Illnesses that can hide behind poor digestion

  • We spoke with Dr. Diego Sánchez, specialist in the digestive system

  • He explains to us how something innocent a priori like poor digestion can be a harbinger of other things.

  • Especially in summer it is good not to exceed the quantities repeatedly with meals

It’s hot, we’re on vacation, and binges are part of summer, but if indigestion is a recurring thing or you’ve never had it and you’re starting now, your digestive system may trying to tell you something. We spoke with Diego Sánchez, a specialist in the digestive system, to clarify what other diseases can manifest.

Let’s start at the beginning: symptoms of poor digestion?

Abdominal pain, bloating, gas, flatulence or altered bowel habits, among others.

These disorders have their origin in problems such as celiac disease or certain food intolerances, although they can also result in infections and, if they are more persistent and are accompanied by other “alarm” symptoms , they can be secondary to more serious illnesses. Stress is another factor strongly associated with dyspepsia.

Do we tend to ignore or trivialize, in general, the signals that the body sends us?

In general, yes, because having poor digestion is relatively common. We have all experienced, on many occasions after a heavy meal or excessive overindulgence, having dyspeptic symptoms. It begins to be relevant when it is maintained over time. However, it is important to be vigilant, as it can sometimes be a red flag about the existence of an eating disorder or associated illness.

What diseases or disorders can be linked to a digestive problem?

In general, diet and stress are the main causes of these problems. Thus, in situations of food intolerance, fundamentally to complex sugars such as lactose, fructose or sorbitol, or in the presence of complex diseases such as celiac disease, the presence of symptoms of dyspepsia is the norm. Food allergies must also be taken into account, which often manifest themselves exclusively through digestive symptoms. On the other hand, stress, both acute and in the context of mood disorders, such as anxiety or depressive syndromes, is one of the main causes of these symptoms. It should be remembered that infections such as Helicobacter pylori or parasites, the presence of bacterial overgrowth and even, on many occasions, the antibiotic treatment itself, can trigger these symptoms. Hormonal factors also influence the quality and intensity of digestive symptoms.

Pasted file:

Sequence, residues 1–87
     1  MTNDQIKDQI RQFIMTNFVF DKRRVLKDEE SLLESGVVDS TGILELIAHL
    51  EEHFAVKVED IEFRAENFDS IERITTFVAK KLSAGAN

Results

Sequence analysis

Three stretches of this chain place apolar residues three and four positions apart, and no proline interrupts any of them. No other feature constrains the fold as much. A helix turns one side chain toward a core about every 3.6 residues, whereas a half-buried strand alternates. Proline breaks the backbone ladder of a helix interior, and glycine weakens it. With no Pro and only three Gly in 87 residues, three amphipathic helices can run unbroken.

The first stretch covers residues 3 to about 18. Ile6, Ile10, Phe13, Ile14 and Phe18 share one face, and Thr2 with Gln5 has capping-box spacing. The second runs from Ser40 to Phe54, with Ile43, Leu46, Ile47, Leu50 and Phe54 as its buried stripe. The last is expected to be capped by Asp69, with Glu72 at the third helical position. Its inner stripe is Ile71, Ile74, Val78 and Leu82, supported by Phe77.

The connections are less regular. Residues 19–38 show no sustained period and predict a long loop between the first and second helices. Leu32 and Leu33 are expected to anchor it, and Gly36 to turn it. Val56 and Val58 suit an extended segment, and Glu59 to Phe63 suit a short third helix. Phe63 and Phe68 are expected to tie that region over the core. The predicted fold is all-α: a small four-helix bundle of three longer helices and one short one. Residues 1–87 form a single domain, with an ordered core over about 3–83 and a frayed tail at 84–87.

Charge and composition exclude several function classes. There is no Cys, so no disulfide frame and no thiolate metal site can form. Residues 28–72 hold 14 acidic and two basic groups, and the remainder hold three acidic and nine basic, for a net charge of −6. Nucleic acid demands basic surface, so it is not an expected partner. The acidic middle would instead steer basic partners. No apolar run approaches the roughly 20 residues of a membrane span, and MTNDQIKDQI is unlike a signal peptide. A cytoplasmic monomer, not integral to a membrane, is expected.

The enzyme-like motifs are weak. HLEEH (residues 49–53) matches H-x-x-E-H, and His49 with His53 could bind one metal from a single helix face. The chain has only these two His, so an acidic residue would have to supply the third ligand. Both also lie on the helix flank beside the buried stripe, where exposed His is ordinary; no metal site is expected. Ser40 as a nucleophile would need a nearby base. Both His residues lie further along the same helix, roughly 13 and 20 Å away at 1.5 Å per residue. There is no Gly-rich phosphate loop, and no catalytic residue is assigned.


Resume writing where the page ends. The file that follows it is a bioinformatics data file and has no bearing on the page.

Are there more and more celiacs?

Celiac disease is a disease that affects approximately 1% of the world’s population. However, the vast majority of patients are not diagnosed, either because they do not have very flourishing symptoms or because they are classified in other different pathologies. Thus, it is important to rule out celiac disease in any patient who presents to the clinic with dyspeptic symptoms, particularly if they have a family history of celiac disease or another risk factor. However, it is important to make a targeted diagnosis, because sometimes the tests are negative, and, nevertheless, the patient has a celiac base.

What is the protocol to follow in the event of a serious or chronic diagnosis related to digestion

There is a subgroup of patients in whom, with symptoms that at first glance might seem insignificant, a significant health problem is discovered. These problems are often detected when taking the medical history itself, in which the patient tells us a symptom that we call “alarm”, such as weight loss, bleeding, anemia, abdominal mass, etc. On other occasions, the diagnosis is accompanied by the performance of a complementary test. In general, the most important thing is early and adequate detection of the problem, so there should be no doubt or shame in consulting for symptoms of dyspepsia, although the patient may find them insignificant.

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